Mozilla/5.0 (Windows; U; Windows NT 5.1; en-US; rv:1.9b5pre) Gecko/2008032523 Minefield/3.0b5pre ID:2008032523 The Places history expiration algorithm seems overly complicated. The three relevant prefs are: - browser.history_expire_days_min = 90 - browser.history_expire_sites = 40,000 - browser.history_expire_days = 180 Firefox will: (1) Remember _all_ places visited for the first 90 days, with no exceptions (even if it's something like 200,000 history entries) (2) If after 90 days of browsing there are less then 40,000 history entries, additional history entries will be remembered, up to the limit of 40,000; with the proviso that: (3) If by 180 days the user still hasn't hit the 40,000 history entries limit, sites older than the 180 days limit will be removed from history. For point (1) the user can set the number of days of history to remember in the Firefox prefs. Firefox is guaranteed to remember all URLs visited in this period, and this is what users expect. In this case, the size of the user's places.sqlite file is unbound and can be any size, depending on how many URLs they visit in this 90 day period. For point (2) browser.history_expire_sites will make Firefox remember more history than the user expects, providing that in the last 90 days they haven't visited more than 40,000 URLs. Why this arbitrary limit of 40,000? For the first 90 days the user's history size is unbound and could reach into the 100,000s and beyond anyway. All this pref seems to do is potentially make firefox remember more of the user's history than they expect. Then for point (3), if after 180 days the user has visited less than 40,000 sites, we start removing their history for no real purpose. Either the 40,000 limit is good enough, or it's not, so I don't see the reason after unexpectedly keeping more history than the user expected, to then unexpectedly start removing history items after an arbitrary length of time has elapsed. My main point is, since (1) is true, why bother with the complication of (2) and (3) both in terms of code complexity, but also with respect to doing what the user expects. Randomly keeping more history than is expected with the possibility of then randomly loosing the history that was randomly kept in the first place seems silly to me. Whether the user wants to keep 10 days of history or 200 days of history, why can't we just do exactly what they want (point (1), which we do anyway) and not bother going to the effort of doing unexpected things by enforcing arbitrary limits (points (2) and (3))
This was done to prevent slow downs while maximizing the history retention. See also bug 332748.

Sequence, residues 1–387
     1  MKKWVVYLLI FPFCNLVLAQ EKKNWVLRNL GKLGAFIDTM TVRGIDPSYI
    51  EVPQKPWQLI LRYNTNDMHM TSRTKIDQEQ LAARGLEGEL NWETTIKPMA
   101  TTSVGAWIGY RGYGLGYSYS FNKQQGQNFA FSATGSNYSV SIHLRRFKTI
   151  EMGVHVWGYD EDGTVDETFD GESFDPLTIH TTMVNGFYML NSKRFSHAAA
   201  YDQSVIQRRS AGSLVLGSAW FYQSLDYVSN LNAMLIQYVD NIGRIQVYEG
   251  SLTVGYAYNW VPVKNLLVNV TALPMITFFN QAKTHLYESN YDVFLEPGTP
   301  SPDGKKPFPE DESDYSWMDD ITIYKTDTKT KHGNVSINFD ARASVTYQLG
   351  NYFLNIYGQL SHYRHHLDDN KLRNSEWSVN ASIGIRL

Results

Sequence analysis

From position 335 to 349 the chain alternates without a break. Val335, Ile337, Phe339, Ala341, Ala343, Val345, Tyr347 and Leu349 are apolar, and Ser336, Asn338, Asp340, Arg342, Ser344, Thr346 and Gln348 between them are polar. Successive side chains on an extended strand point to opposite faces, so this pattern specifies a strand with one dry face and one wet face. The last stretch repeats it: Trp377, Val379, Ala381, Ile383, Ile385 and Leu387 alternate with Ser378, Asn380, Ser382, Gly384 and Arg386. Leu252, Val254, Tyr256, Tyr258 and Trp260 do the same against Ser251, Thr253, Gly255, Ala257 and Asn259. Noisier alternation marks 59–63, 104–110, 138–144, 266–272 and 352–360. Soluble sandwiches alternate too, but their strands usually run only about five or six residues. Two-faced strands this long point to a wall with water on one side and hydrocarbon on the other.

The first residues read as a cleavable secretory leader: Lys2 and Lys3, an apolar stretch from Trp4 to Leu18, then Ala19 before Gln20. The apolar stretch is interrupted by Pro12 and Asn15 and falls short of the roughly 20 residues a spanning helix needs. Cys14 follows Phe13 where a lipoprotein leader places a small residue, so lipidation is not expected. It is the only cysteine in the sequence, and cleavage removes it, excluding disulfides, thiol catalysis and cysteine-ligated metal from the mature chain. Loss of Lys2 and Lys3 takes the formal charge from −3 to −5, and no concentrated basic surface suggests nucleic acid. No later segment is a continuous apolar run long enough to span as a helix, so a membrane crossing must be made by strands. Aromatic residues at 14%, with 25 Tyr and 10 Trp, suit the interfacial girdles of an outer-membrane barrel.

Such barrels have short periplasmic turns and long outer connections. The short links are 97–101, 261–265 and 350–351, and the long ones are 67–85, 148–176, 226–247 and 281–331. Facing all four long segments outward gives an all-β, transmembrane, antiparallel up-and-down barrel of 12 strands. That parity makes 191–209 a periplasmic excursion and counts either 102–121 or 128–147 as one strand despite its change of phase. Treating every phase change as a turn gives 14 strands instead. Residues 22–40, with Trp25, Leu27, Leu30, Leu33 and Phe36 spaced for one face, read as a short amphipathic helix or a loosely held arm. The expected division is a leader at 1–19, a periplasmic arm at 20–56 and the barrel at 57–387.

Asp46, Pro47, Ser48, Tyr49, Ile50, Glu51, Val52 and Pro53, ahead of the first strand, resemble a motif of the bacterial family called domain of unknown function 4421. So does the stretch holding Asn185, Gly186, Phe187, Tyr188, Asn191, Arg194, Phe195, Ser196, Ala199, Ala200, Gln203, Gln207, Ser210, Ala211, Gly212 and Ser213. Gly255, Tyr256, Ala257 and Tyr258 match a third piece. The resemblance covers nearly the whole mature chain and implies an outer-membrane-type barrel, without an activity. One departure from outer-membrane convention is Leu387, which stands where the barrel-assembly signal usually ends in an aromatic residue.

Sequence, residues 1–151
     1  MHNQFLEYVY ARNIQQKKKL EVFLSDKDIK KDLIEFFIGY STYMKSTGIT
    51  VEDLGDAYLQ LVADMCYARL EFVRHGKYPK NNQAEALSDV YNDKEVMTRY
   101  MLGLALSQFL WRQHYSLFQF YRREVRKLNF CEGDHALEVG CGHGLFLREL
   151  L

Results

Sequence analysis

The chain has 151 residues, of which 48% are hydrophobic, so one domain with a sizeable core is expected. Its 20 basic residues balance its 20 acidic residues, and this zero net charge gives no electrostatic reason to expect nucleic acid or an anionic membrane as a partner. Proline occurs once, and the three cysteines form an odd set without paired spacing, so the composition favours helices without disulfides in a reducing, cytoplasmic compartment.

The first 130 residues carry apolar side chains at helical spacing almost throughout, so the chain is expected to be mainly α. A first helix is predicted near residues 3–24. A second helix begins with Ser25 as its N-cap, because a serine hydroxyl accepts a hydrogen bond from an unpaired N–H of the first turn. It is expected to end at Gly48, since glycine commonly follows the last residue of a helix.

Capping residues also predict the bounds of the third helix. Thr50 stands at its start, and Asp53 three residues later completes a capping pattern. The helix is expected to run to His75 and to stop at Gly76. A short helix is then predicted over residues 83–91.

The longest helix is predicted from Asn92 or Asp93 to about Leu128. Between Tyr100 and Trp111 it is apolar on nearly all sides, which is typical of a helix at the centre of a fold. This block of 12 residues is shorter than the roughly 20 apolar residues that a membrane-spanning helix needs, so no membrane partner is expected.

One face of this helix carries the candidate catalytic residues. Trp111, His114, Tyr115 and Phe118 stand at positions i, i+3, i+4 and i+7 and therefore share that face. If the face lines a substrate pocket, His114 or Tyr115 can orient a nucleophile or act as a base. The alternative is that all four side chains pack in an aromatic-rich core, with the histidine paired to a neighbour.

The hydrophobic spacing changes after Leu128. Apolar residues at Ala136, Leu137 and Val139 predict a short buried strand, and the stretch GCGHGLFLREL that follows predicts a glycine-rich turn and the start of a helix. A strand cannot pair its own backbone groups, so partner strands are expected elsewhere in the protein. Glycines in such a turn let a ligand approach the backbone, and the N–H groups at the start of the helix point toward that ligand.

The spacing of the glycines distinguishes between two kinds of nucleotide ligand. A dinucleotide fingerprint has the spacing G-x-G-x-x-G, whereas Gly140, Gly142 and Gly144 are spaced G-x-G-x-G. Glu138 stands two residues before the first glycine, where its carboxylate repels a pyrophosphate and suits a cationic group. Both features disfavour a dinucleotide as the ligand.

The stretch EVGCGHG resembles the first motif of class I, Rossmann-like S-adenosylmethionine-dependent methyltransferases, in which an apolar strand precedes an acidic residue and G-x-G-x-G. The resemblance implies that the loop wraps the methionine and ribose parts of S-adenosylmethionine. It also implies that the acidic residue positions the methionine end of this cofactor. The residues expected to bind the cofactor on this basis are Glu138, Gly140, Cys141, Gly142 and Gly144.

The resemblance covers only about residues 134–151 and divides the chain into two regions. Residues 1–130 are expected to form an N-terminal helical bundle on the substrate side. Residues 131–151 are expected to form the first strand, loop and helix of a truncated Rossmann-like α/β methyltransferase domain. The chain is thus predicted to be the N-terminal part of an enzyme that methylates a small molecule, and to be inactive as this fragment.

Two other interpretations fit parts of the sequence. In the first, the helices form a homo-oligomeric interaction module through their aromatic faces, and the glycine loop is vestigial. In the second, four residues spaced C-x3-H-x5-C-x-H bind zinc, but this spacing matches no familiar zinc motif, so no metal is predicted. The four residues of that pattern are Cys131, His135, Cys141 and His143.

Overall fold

reference bug for future thoughts on expiration algo
This comes up on support channels every now and then. It would appear that there's a large group of users who don't put too much value on their history, particularly older history. These people often see too big history as clutter in awesomebar, or a privacy risk, or unnecessary load on slow computers / slow (networked) roaming profiles. An obvious solution these people implement is to limit their history - usually to less than two weeks, sometimes to two days, depending on what they like. There's completely no setting in prefs that would help them. Despite Prefs setting being relatively clear what it does when you think about it enough, their understanding is different, and rightly so given what it used to mean in FF2 as well as other browsers. It is my humble opinion that simply expiring older items on schedule was a better solution, and "maximising history retention" is just not something most people want/need/expect. Not useful enough, simply put.
hi i've ever report this problem here :https://bugzilla.mozilla.org/show_bug.cgi?id=458849 Yes I think this must change. This should be : If this option is checked => History is saved the period backup history limits backup duration of history. This must be keep my history a last x days !
Our original goal was to have 180 days of history. We added the 40k visit limit as a way of limiting overhead. But for very heavy users, this shortened the set of available history dramatically, so we added the minimum cap. I don't think a straight 90 day cap is ideal, and I don't really get why "algorithim complexity" is something end users care about. If it made expiring history more painful, sure, we should look at that, but as far as I understand, that's not the case. The original bugs have lots of debate, but as far as I'm concerned, this is working well and as intended, so marking WONTFIX. Users who really want to expire after N days can set history_expire_days to the same as history_expire_days_min and be content.
well, actually we have places stats, so we could guess a better number of pages limit (the biggest reported db had 150000) and bring the limit to an hard 120 or 150 days (we demonstrated to handle 180 days quite well). That would simplify the code a lot and most likely make expiration faster. From a users point of view, i must admit very few of them actually notice the "LEAST" word in preferences, while having a "Remember a maximum of X(150000) pages from the last Y(120) days" would be really simpler for most of them.
Bug 451915 - move Firefox/Places bugs to Firefox/Bookmarks and History. Remove all bugspam from this move by filtering for the string "places-to-b-and-h". In Thunderbird 3.0b, you do that as follows: Tools | Message Filters Make sure the correct account is selected. Click "New" Conditions: Body contains places-to-b-and-h Change the action to "Delete Message". Select "Manually Run" from the dropdown at the top. Click OK. Select the filter in the list, make sure "Inbox" is selected at the bottom, and click "Run Now". This should delete all the bugspam. You can then delete the filter. Gerv